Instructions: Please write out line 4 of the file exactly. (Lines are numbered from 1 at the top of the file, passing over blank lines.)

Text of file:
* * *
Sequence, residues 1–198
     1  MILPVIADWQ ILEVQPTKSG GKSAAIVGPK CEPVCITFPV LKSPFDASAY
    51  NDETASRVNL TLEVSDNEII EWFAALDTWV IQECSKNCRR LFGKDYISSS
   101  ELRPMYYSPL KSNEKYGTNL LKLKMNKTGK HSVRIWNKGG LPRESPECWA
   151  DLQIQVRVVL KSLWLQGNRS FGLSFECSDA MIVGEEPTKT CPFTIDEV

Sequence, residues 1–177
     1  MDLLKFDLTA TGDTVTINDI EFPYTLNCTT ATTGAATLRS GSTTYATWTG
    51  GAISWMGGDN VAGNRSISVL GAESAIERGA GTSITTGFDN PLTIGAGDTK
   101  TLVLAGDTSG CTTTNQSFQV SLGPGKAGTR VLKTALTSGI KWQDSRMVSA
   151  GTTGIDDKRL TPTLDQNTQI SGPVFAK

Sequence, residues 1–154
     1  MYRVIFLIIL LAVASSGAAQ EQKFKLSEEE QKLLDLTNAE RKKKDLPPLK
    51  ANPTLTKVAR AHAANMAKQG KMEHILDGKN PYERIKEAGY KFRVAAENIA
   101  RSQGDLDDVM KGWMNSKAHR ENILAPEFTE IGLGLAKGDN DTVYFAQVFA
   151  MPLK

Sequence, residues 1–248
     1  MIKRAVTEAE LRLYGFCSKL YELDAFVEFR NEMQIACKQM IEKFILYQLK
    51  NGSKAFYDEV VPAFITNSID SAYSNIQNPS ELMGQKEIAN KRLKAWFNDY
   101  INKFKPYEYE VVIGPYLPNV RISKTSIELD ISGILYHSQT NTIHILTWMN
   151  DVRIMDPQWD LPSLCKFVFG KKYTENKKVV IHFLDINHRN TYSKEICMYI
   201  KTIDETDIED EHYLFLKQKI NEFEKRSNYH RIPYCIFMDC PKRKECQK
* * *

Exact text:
   101  ELRPMYYSPL KSNEKYGTNL LKLKMNKTGK HSVRIWNKGG LPRESPECWA